Some time ago, two words burst onto the scene in media communication and advertising: the word "sustainability" and the word "future".

The motivation to take care of the future has also come out of the pandemic: it has spread the idea that tomorrow will be different from the past, with many more unknowns, and that it will require new behaviours.

Sustainability should be the cornerstone of these behaviours, and countless products and services are being offered that guarantee this feature. After all, the sharp increase in news stories on climate change in recent years has made people much more aware of the need for sustainability.

All of the surveys tell us that the majority of the public is worried about the climate crisis, even though they may not be sure what needs to be done.


The problem is that we are lacking essential information needed to outline a sustainable future. We have a compass, represented by the UN 2030 Agenda, with its 17 Sustainable Development Goals and 169 targets measured in all the 193 UN countries that signed the document in 2015. If these Goals were all achieved (however, unfortunately this won't happen), the world would certainly be in a better condition to face the future. But even so, we would not be sure that humanity could face the crisis of the first half of the century without dramatic changes in its level of civilisation.

Indeed, we are moving through uncharted territory, without knowing if we have already exceeded the limits, the so-called tipping points, beyond which it is no longer possible to turn back.

I will explain with two examples.

The first regards the climate itself. The global commitment, coming from the 2015 Paris Agreement, is to keep the rise in global temperatures to within 1.5 degrees, but people are already saying that it will be difficult to stay within two degrees, and that we are in fact currently on track for three. But here we are not talking about linear phenomena: an increase of three degrees doesn't have twice the effect of an increase of one and a half degrees, but it could trigger new phenomena, such as the melting of the permafrost at arctic latitudes, or changes in ocean currents, with much bigger effects on the living conditions of the planet.

The second example regards our use of resources. The calculation of Earth Overshoot Day tells us that each year we are already consuming almost 70% more resources than the earth can produce in that year. In 2050, the global population (currently around 7.8 billion) will exceed nine billion. We hope that all of humanity will have been lifted out of poverty, and, in fact, according to the World Bank's calculations, the so-called middle class - those earning between ten and one hundred dollars a day, currently made up of around two billion people - could exceed five billion. All this predicts a boom in consumption: cars, meat, energy to satisfy growing demand. How to reconcile this increase in demand with the limits of the planet is one of the great unresolved questions to face in the coming years.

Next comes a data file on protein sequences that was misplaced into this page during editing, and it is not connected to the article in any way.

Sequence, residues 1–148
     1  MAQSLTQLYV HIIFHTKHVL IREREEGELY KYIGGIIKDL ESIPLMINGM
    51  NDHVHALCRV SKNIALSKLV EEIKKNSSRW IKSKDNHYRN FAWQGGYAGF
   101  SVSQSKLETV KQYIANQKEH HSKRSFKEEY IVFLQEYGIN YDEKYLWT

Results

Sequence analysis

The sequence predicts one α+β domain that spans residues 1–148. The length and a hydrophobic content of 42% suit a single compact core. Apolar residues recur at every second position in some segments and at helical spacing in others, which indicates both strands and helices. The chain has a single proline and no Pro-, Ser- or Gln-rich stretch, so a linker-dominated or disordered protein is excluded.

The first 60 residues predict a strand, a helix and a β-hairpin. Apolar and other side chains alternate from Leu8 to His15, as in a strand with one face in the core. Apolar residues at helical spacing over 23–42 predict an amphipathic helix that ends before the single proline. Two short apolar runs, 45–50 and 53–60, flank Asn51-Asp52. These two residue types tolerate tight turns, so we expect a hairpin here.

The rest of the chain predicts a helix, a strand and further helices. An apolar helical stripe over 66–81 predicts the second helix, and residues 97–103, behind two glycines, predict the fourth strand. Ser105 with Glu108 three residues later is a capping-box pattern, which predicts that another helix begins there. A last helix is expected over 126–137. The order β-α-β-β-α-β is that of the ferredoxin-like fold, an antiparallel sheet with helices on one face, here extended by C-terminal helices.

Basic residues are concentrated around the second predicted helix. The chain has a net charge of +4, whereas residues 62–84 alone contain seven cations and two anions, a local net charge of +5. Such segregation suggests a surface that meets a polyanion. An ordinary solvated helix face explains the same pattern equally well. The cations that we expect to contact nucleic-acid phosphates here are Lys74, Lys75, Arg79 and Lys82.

The gamble we are faced with involves everything: politics, corporations and finance, civil society, individual behaviour.

The business world is seriously considering the problem, for its own survival. So-called "non-financial reporting" is becoming widespread: financial statements that take account of companies' responsibility towards stakeholders (employees, consumers, local communities, environment) according to the "ESG" criteria - Environment, Social, Governance.

Even finance is changing its priorities: many investment funds are choosing to no longer finance the production of fossil fuels, while green bonds are becoming more popular: obligations linked to "green" behaviours, including the first issuance of European bonds to finance Next Generation EU.

The hardest knot to unpick, however, is politics. Truly facing the challenges of sustainability means looking at the problems with a medium and long-term vision, and even making unpopular decisions. For example, the mitigation of climate change entails a large commitment to developing countries, which need to grow, and will therefore increase their energy consumption. In order to avoid this situation turning into a rise in greenhouse gas emissions, it is necessary to help these countries choose cleaner sources, even if they are temporarily more expensive, with substantial transfers of funds and technology. To this end, for years the richest countries have been promising to finance a Green Climate Fund with 100 billion dollars per year, and this commitment was also reaffirmed on the occasion of the summit in recent weeks, but the Fund's financing is seriously behind targets.


Grassroots pressure, coming from organisations of civil society, young people, public opinion, are certainly useful in accelerating change.

However, we need to ask ourselves if this pressure is the same as being effectively willing to accept the sacrifices and changes in consumption imposed by the creation of a sustainable world. The ecological transition (which includes both energy and a different way of treating the planet's resources) is necessary, but it is not necessarily fair from a social point of view.

For example, a rise in prices caused by a "carbon tax", which taxes goods and services in relation to the emissions required to produce them, would hit primarily the most vulnerable social groups.

An effective strategy for the transition must therefore be reflected in effective measures, but also requires the ability to hold onto social consensus through choices that reduce inequality, and adequate communication.


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N° 6


To produce new thoughts, we need new limits.
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